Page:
Well, another tough week for Tesla and the law. Federal regulators are expanding their investigation into crashes involving Autopilot and a judge in California shoots down an attempt by the automaker to stop a racial bias suit.
President Joe Biden’s climate accomplishments have fallen far short of what environmentalists hoped, but on the bright side his administration is moving ahead with standards for how $7.5 billion for EV infrastructure should be spent. Weather experts foresee an unusually hot summer, a stark reminder of the consequences of climate inaction.
On the tech front we take a look at Superpedestrian’s unusually heavy e-scooter, Nimbus’s electric moped with a roof, Hyundai’s driverless ride-hailing service in Seoul, and Baidu-backed startup Jidu’s efforts to build a largely autonomous car.
An Autopilot upgrade –– the bad kind: The National Highway Traffic Safety Administration says it is upgrading its investigation of Tesla crashes involving Autopilot from a preliminary evaluation to an engineering analysis. Regulators will be looking at more data as well as analyzing the vehicles themselves to determine whether aspects of the driver assistance program distract the driver or otherwise make it less likely that the driver will take control of the car if necessary.
Tesla hits back at civil rights suit: The automaker says the California Department of Fair Employment and Housing did not conduct a proper investigation before filing suit over alleged racial bias at its assembly plant in Fremont, Calif. A judge, however, rejects Tesla’s request to prevent the lawsuit from proceeding.
A moped with a roof: That’s close to describing the tiny EV prototype unveiled by Nimbus, a Michigan-based early-stage startup. The one-seat, three-wheeled vehicle is 2.75 feet wide and 7.5 feet long and tops out at 50 mph.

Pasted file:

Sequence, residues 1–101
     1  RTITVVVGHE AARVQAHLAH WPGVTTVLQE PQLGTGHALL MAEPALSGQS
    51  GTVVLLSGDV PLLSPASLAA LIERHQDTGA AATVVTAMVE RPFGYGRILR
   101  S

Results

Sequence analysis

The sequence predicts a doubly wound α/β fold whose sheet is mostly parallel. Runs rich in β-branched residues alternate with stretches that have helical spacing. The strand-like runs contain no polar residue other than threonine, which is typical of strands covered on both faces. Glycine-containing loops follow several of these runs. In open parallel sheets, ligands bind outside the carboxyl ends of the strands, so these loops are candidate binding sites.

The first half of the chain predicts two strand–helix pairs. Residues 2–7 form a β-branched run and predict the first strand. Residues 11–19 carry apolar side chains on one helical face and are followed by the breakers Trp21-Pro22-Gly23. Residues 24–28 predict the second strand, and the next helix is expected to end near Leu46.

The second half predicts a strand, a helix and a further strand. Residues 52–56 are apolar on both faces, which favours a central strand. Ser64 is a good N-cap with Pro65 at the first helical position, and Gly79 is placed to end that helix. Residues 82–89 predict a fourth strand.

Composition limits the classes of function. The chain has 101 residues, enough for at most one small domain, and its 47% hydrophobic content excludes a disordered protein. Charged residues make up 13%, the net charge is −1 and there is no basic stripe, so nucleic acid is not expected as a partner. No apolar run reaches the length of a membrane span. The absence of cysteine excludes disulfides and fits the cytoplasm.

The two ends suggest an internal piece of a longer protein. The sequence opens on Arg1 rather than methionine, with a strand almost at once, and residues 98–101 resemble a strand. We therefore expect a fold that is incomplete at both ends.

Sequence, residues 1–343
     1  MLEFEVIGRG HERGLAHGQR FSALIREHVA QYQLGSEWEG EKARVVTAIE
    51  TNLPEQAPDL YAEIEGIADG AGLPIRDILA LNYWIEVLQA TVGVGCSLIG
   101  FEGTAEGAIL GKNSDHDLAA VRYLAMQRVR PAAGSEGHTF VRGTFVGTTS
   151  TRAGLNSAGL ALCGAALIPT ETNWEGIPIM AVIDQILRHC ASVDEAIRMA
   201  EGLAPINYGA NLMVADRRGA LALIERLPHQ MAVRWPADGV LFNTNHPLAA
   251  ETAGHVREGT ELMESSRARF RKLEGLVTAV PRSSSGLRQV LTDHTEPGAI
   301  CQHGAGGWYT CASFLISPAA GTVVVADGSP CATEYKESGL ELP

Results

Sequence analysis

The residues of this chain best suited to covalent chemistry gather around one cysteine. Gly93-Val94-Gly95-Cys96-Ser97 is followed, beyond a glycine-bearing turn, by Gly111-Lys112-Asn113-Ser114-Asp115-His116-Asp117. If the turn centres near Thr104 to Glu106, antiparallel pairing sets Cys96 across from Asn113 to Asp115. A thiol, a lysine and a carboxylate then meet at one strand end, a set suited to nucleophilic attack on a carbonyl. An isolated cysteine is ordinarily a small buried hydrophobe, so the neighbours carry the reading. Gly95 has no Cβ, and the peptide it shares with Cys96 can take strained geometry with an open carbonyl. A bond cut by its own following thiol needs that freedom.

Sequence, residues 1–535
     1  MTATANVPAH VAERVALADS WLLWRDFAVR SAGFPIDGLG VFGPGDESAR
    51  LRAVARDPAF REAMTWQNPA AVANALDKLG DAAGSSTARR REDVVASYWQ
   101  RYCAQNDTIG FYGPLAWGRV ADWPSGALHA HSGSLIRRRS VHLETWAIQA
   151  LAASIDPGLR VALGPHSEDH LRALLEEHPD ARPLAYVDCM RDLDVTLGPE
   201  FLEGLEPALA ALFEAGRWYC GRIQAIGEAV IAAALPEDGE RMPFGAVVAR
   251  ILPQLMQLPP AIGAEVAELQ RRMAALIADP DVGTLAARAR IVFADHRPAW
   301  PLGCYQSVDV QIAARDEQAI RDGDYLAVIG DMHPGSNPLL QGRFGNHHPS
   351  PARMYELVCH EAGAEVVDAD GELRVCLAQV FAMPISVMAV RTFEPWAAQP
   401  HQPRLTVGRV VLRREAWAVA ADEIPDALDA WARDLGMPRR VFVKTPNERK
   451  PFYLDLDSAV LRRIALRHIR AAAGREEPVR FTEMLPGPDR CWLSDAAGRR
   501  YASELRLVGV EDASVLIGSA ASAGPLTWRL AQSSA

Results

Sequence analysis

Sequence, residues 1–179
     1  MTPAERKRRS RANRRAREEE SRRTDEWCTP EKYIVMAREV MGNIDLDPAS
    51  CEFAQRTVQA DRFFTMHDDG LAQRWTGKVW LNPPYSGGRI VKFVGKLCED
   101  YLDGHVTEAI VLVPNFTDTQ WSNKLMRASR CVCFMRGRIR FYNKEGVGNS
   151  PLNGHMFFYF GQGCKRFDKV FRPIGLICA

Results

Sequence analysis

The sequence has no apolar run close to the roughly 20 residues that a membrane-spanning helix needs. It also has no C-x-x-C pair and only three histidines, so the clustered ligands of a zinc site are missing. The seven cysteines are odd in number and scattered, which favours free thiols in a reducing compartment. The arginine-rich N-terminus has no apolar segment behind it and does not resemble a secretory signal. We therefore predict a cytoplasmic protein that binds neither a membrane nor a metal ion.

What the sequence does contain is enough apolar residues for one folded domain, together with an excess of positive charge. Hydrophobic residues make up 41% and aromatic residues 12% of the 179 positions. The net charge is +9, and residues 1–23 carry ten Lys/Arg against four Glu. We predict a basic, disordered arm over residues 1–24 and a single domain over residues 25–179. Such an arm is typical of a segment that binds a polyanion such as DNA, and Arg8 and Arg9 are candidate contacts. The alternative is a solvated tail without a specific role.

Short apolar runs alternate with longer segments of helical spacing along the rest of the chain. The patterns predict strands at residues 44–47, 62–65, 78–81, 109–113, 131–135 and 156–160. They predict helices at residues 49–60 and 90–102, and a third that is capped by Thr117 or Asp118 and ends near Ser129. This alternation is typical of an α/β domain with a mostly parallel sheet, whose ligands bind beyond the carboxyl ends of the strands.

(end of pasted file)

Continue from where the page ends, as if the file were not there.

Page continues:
Biden lays out charging standards: The Biden administration proposes rules governing how to spend the $7.5 billion set aside for EV charging infrastructure in the bipartisan infrastructure bill that passed last year. Among other things, the proposed rules would require a charging station every 50 miles on federal highways and would require that each station have at least four DC fast chargers.
Hyundai starts driverless ride-hailing: The Korean automaker kicks off an autonomous ride-hailing service, RoboRide, in Seoul’s Gangam district. Customers who hail a ride through the RoboRide app will get a lift in a Hyundai Ioniq 5, which boasts Level 4 autonomous capability. For now, however, there will be a safety driver on board.
Fenix expands: Abu Dhabi-based micromobility startup Fenix launches a ride-hailing service in Manama, Bahrain and plans to enter two more markets in the coming months. It has also begun offering ultra-fast courier service in certain parts of Istanbul, Doha, Mersin and Abu Dhabi that extends its 10-minute grocery service to “anything” you might want delivered. Unless it is charging a hefty premium for the convenience, some think it will likely struggle to make the business profitable.